5. I found the Landlord’s testimony regarding the Tenant’s direct assaults on the Landlord to be the most persuasive. It was for these direct assaults that the Landlord was able to provide clear, consistent testimony about events that she herself experienced and witnessed first-hand. To be clear, I focused mainly on the Landlord’s claim relating to serious impairment of safety, which is set out under section 66 of the Residential Tenancies Act, 2006 (the ‘Act’).
6. The Landlord testified that in June and July 2019, the Tenant threatened to kill the Landlord, once in the backyard area, the second time in the laundry room. The Landlord recounted in anecdotal fashion how the Tenant physically confronted the Landlord, threatening to get a knife and kill her. The Landlord described how she has become terrified of the Tenant who she considers to be quite physically strong. The Landlord explained that the police were called but they did very little to resolve the situations.
7. The Landlord affirmed that since the filing of the application, the Tenant’s behaviour has gotten worse.
8. In March 2020, the Landlord testified that due to a severe knee problem she suffers from, she thought it might make sense to try sleeping one night in one of the rooms of the basement apartment. She thought that living on a ground level might reduce the amount of climbing/wear-and-tear on her knee. The Landlord described how she came into the kitchen to prepare some food when the Tenant came out from her bedroom carrying a can of the Tenant’s urine. The Landlord testified that when the Tenant saw the Landlord there, she threw the can at her. The contents of the can sprayed onto the Landlord, her food and the stovetop. The Landlord described how she felt violated. The Landlord called the police, but they only ended up taking statements from both parties.
9. The Landlord testified that in May 2020, she was watering newly purchased plants on her balcony when some of the water dropped below and apparently hit the Tenant. The Landlord described how the Tenant screamed, and how the Tenant rushed up the stairs, took a stool that was nearby and threw it at the Landlord. The stool hit the Landlord. The Landlord said then ran into her unit, with the Tenant following her inside. The Landlord said she did not know what to do but found a knife on a table and picked it up. She then told the Tenant to leave the Landlord’s unit, and only then did the Tenant turn away. The Landlord called the police who advised the Landlord to go to the hospital for the bruise and small cut suffered from the thrown stool, but the Landlord declined saying she could treat the injury herself; the Landlord did not want to go to hospital during the covid-19 shutdown.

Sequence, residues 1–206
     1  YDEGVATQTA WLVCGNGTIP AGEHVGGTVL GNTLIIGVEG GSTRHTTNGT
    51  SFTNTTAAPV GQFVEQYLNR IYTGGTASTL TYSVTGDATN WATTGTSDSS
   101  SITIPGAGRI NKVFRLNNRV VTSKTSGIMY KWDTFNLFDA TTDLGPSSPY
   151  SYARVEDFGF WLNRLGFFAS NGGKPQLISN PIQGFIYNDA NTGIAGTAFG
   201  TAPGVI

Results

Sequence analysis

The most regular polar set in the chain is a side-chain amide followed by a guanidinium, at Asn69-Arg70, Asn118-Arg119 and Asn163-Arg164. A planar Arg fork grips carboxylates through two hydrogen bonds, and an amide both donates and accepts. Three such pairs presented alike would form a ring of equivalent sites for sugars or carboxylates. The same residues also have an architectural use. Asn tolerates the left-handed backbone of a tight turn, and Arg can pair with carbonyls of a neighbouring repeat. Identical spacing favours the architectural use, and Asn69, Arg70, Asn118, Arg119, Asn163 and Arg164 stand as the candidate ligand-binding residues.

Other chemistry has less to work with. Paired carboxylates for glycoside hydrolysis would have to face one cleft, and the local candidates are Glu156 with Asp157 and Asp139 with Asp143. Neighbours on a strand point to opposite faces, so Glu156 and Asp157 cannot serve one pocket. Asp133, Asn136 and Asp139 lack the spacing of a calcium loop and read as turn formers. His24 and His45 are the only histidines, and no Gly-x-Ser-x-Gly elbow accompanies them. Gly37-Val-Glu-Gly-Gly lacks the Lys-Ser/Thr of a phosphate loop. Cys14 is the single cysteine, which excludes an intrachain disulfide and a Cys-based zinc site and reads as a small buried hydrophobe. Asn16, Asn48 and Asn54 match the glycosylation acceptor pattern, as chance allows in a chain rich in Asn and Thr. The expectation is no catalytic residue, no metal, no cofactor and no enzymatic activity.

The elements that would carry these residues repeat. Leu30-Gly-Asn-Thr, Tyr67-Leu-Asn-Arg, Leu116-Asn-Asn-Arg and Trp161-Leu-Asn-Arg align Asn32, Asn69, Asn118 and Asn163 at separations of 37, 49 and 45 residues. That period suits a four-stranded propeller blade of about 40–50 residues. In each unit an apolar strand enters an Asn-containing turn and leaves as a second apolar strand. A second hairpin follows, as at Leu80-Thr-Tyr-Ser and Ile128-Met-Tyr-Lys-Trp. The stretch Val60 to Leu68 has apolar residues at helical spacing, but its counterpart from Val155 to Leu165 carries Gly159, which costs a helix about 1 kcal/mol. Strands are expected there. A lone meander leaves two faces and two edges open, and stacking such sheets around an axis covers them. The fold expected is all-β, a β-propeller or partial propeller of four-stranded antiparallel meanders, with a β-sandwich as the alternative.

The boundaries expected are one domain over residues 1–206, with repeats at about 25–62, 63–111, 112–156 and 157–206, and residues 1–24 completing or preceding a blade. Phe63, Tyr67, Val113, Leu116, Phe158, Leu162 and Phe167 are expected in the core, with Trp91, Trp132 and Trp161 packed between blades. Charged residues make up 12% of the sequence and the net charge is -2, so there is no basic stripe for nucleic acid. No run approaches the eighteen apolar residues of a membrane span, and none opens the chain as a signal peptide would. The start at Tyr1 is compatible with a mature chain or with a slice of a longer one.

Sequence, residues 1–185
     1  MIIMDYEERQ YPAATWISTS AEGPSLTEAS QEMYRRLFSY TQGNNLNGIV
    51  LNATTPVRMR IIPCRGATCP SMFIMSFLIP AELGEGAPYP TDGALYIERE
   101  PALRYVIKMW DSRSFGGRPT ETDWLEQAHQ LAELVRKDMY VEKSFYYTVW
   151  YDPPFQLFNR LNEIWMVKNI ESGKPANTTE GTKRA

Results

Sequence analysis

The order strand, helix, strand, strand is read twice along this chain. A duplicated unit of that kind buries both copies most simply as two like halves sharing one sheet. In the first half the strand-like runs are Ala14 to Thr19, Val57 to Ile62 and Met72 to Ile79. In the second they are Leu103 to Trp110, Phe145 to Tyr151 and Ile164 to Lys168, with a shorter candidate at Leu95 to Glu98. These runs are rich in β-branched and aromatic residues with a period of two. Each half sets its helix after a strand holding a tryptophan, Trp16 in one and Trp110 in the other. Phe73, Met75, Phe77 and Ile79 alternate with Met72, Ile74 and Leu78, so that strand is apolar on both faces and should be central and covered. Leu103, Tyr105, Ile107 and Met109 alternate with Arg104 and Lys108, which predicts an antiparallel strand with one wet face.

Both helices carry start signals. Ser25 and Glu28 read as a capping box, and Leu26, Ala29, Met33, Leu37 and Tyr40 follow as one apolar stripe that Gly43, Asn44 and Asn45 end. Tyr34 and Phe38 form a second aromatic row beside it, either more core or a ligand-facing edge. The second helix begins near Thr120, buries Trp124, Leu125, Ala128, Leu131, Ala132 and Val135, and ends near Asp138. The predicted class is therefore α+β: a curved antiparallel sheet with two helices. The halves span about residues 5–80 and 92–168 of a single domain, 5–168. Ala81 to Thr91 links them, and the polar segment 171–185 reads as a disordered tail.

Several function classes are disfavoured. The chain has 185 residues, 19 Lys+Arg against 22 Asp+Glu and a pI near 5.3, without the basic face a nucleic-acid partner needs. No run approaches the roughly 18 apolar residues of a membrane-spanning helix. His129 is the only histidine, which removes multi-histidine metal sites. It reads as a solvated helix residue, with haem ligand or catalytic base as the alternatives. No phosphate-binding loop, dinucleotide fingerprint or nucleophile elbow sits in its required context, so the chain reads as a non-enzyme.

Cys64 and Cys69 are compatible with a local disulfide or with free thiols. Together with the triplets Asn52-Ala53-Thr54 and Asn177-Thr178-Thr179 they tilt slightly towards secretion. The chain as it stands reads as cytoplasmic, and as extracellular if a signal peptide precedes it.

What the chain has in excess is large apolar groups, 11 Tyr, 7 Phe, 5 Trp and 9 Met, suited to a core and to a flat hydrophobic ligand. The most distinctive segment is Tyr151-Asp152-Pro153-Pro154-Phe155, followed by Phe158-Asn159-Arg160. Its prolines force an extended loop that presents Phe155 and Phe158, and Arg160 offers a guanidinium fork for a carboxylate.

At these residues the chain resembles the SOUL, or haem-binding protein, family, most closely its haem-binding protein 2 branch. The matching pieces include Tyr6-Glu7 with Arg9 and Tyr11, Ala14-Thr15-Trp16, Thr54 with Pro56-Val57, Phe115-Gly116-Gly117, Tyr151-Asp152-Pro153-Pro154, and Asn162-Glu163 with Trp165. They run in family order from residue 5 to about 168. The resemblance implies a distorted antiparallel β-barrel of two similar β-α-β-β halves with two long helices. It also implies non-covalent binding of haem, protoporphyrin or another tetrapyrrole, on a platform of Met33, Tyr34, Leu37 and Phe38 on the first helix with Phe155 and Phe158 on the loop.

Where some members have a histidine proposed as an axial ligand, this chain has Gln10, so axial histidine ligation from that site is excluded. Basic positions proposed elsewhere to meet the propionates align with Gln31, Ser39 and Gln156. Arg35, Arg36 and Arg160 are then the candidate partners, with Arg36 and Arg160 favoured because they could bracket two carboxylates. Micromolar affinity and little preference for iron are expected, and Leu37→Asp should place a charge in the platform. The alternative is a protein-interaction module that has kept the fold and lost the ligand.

10. In final submissions, the Landlord re-emphasized the fear she has been living in, all because of the Tenant’s actions toward her.
11. Based on the Landlord’s submissions, I find on a balance of probabilities that the Tenant’s actions have seriously impaired the safety of the Landlord, and these acts occurred in the residential complex.
12. I make no other determinations regarding wilful damage or substantial interference claims, but I find that my determination concerning serious impairment of safety claim to be sufficient for granting the Landlord’s requested remedy of tenancy termination. It is quite evident that the Tenant seriously impaired the Landlord’s safety, and has continued to do so, as happened in March and May 2020. The Tenant’s assaults are extremely serious in nature and they cannot be allowed to continue or escalate; thus I believe the tenancy needs to end.
13. I asked the Landlord and Landlord's Legal Representative for any circumstances of the parties involved that might postpone or prevent termination.
14. I have considered all of the disclosed circumstances in accordance with subsection 83(2) of the Act, and find that it would be unfair to grant relief from eviction pursuant to subsection 83(1) of the Act.
It is ordered that:
1. The tenancy between the Landlord and the Tenant is terminated, as of January 15, 2021.
2. The Tenant must move out of the rental unit on or before January 15, 2021.
3. The Tenant shall pay to the Landlord $175.00 for the cost of filing the application.
4. If the Tenant does not pay the Landlord the $175.00 owing on or before January 11, 2021, they will start to owe interest. This will be simple interest calculated from January 12, 2021 at 2.00% annually on the balance outstanding.
5. If the unit is not vacated on or before January 15, 2021, then starting January 16, 2021, the Landlord may file this order with the Court Enforcement Office (Sheriff) so that the eviction may be enforced.
6. Upon receipt of this order, the Court Enforcement Office (Sheriff) is directed to give vacant possession of the unit to the Landlord on or after January 16, 2021. The Sheriff is requested to expedite the enforcement of this order.
7. If the unit is not vacated on or before January 15, 2021, then the Tenant shall also pay to the Landlord $18.08 per day for compensation for the use of the unit from January 16, 2021 to the date they move out of the unit.
December 29, 2020
Member, Landlord and Tenant Board
2275 Midland Avenue, Unit 2 Toronto ON M1P3E7
If you have any questions about this order, call 416-645-8080 or toll free at 1-888-332-3234.
In accordance with section 81 of the Act, the part of this order relating to the eviction expires on July 16, 2021 if the order has not been filed on or before this date with the Court Enforcement Office (Sheriff) that has territorial jurisdiction where the rental unit is located